Fortran) were complex and challenging to build and presumably buggy
    but compilers weren't a bad idea.

    I agree. Actually my selector function can only handle simple
    selectors with any combination of tag, id, and class values.

    I've written a couple complex selector engines and they are
    significantly more difficult to implement than simple selector

    I work on such web apps. The implementation overlap between a no-
    JavaScript version and a JavaScript version is so little that business
    says they don't care to pay for the no-JavaScript version.

    By that time canvas and HTML video may be significant players also and
    be incentive for people to upgrade.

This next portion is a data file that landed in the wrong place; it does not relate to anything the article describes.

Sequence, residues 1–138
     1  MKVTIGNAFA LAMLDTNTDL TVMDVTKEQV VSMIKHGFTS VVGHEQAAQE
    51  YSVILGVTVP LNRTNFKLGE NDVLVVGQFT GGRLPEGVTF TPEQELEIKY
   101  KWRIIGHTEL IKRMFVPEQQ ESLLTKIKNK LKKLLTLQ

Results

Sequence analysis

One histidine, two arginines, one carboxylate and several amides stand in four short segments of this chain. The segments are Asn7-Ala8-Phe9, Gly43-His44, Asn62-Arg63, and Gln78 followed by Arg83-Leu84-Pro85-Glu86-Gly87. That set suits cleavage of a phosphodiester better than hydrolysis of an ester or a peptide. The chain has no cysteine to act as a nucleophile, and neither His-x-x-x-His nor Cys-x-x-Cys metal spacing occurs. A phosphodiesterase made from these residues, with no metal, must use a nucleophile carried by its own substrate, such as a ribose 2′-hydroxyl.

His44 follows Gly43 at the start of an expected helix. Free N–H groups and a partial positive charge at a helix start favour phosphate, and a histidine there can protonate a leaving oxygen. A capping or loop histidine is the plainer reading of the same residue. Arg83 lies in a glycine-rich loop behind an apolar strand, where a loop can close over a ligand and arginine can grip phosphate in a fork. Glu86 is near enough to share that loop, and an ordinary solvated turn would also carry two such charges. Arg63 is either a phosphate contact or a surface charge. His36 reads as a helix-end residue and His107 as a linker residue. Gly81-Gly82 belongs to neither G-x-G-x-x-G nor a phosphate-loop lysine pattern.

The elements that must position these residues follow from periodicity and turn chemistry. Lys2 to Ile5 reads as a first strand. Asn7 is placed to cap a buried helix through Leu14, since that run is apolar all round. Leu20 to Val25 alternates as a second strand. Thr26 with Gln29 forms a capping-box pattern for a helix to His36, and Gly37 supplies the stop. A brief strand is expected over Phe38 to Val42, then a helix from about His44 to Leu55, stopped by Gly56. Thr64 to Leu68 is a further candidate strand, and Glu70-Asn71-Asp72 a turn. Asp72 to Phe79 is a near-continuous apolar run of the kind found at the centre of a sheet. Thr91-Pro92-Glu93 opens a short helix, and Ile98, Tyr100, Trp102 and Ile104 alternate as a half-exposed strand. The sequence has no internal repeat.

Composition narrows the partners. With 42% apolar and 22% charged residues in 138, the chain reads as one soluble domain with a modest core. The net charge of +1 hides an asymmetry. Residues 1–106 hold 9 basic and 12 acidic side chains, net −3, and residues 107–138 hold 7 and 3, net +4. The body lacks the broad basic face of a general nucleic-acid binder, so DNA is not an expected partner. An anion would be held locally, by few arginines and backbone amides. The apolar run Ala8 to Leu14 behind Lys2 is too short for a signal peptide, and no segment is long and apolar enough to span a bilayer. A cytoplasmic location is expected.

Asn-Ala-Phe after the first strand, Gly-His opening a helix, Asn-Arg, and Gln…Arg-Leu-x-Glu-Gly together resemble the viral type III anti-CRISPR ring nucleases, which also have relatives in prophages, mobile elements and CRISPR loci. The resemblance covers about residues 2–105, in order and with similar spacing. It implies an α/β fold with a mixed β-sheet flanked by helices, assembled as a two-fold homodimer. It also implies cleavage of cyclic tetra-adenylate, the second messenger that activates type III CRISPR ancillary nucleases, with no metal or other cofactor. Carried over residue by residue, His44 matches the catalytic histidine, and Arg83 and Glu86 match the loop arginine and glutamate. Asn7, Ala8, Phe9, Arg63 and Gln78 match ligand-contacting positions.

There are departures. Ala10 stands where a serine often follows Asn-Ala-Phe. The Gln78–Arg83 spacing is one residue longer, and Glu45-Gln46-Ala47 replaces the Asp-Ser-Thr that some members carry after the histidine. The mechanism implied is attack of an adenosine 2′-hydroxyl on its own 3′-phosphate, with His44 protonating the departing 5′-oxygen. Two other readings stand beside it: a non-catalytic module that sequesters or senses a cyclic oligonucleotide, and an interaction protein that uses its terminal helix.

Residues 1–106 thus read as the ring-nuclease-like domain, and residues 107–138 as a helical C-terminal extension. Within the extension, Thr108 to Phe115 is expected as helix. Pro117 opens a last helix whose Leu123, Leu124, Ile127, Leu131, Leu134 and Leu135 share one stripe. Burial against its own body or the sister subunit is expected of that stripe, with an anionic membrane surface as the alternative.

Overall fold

I think the JavaScript libraries will always smooth over browser
    quirks for the most recent set of browser features. When IE7 dies, XHR
    libraries will be only a thin layer of sugar. If IE ever implements
    the DOM2 event model then that wrapper library can go away. But new
    things like canvas and video will probably have various browser bugs
    to work around and so the JavaScript libraries will live on for them.

    In some ways. The popularity of the query selectors implemented in
    JavaScript were the motivation for the built-in query selectors.
    History often repeats itself and I wouldn't be surprised if similar
    developments for a different browser scripting topic happens again.

    Peter Michaux, Mar 4, 2010
    1. Advertisements

Ask a Question

Want to reply to this thread or ask your own question?

You'll need to choose a username for the site, which only take a couple of moments (here). After that, you can post your question and our members will help you out.